@ChrisKuklewicz, isn't that correct behaviour? The brackets are just there for grouping; the associativity means that sometimes they are redundant, but they are still allowed to be there. – huon May 2 '12 at 14:21
Nothing is incorrect here for a Read instance; the only thing in the Haskell 9 report I can find says "Strings produced by showsPrec are usually readable by readsPrec." I should have written a longer comment to make it clear that I was not calling your parser incorrect. – Chris Kuklewicz May 2 '12 at 17:07

This very-much looks like a stack structure. When you encounter your input string `"ABC(DE)F"`, you `Leaf` any atom you find (non-parenthesis) and put it in an accumulator list. When you have 2 items in the list, you `Branch` them together. This could be done with something like (note, untested, just including to give an idea):

``````read' [r,l] str  = read' [Branch l r] str
| c == '('  = let (result, rest) = read' [] cs
in read' (result : acc) rest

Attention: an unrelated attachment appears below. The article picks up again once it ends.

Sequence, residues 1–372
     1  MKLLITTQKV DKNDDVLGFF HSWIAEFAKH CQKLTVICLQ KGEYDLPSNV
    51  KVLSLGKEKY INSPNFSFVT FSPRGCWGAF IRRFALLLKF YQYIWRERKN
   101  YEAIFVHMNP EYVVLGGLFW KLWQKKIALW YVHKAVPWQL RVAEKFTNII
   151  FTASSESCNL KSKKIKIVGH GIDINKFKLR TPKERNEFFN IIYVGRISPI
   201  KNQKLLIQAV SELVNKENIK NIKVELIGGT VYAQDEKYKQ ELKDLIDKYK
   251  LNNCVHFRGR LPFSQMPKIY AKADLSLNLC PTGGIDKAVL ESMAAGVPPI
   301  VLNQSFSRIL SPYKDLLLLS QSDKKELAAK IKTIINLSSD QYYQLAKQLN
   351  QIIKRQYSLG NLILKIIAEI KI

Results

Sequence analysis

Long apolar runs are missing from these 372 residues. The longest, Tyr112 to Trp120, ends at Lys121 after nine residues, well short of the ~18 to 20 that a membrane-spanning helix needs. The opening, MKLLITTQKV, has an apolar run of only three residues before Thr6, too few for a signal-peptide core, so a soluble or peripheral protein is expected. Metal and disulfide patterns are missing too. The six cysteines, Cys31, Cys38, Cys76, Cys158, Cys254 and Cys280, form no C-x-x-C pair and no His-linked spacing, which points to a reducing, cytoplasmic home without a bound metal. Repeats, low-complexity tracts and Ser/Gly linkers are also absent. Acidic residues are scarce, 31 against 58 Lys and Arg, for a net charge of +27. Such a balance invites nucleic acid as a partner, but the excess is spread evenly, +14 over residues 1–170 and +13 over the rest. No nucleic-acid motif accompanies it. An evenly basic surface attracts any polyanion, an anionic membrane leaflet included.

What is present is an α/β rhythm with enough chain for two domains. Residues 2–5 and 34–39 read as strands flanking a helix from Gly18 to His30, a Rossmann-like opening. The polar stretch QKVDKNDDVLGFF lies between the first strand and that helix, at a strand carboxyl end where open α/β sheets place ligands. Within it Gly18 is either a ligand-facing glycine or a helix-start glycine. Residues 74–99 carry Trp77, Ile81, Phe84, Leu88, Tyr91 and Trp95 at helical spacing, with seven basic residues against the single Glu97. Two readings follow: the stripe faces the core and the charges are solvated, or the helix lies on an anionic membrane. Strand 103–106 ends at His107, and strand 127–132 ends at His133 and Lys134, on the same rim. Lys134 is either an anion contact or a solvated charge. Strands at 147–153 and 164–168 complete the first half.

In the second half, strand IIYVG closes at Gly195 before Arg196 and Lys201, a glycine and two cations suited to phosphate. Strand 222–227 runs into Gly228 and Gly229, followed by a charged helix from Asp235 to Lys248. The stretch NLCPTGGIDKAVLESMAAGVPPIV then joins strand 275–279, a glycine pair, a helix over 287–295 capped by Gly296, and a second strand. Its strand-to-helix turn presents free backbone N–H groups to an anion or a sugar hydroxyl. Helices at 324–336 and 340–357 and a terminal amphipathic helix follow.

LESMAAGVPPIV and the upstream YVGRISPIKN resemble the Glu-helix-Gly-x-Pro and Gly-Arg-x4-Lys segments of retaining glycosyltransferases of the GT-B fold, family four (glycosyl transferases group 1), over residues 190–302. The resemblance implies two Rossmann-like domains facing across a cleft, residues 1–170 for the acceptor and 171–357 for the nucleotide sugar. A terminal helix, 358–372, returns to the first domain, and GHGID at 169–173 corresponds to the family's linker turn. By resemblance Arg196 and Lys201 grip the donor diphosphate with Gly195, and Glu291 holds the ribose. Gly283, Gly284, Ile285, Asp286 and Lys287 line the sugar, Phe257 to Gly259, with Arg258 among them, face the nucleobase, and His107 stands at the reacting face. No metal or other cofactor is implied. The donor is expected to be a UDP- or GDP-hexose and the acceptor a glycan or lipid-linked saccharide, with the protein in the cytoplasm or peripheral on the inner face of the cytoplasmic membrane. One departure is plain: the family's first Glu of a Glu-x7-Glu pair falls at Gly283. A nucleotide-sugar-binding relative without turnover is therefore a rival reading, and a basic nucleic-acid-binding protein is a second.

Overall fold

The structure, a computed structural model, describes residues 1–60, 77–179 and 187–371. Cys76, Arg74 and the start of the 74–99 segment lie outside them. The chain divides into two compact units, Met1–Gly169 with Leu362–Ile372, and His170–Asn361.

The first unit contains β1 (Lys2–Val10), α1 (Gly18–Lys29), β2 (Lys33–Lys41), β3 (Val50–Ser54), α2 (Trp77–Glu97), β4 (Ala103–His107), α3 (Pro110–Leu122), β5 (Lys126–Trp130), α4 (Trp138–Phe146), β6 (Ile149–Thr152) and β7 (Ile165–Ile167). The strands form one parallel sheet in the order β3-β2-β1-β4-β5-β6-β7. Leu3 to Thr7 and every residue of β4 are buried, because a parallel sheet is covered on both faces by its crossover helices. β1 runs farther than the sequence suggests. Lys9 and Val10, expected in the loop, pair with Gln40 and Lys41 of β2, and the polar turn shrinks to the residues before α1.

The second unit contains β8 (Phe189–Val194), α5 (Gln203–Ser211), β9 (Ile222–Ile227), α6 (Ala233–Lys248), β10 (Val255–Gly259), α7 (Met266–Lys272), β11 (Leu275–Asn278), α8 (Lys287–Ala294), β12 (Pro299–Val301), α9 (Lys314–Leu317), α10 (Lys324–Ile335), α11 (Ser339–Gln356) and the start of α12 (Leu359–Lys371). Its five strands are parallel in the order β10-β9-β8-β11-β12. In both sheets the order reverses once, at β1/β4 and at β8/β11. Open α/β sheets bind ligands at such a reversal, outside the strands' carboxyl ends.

-- close parenthesis, return result, should be singleton
| c == ')'  = (acc, cs)
| otherwise = read' (Leaf c : acc) cs
read' [result] [] = (result, [])
read' _ _  = error "invalid input"
``````

This may require some modification, but I think its enough to get you on the right track.

-

The parsec answer by dbaupp is very easy to understand. As an example of a "low-level" approach, here is a hand written parser which uses a success continuation to handle the left-associative tree building:

``````instance Read Tree where readsPrec _prec s = maybeToList (readTree s)

type TreeCont = (Tree,String) -> Maybe (Tree,String)

readTree :: String -> Maybe (Tree,String)
valid ')' = False
valid '(' = False
valid _ = True

read'top :: TreeCont -> String -> Maybe (Tree,String)
read'top acc s@(x:ys) | valid x =
case ys of
[] -> acc (Leaf x,[])

-- The next three are mutually recursive

read'branch :: TreeCont -> String -> Maybe (Tree,String)
read'branch acc (x:y:zs) | valid x = read'right (combine (Leaf x) >=> acc) y zs

read'right :: TreeCont -> Char -> String -> Maybe (Tree,String)
read'right acc y ys | valid y = acc (Leaf y,ys)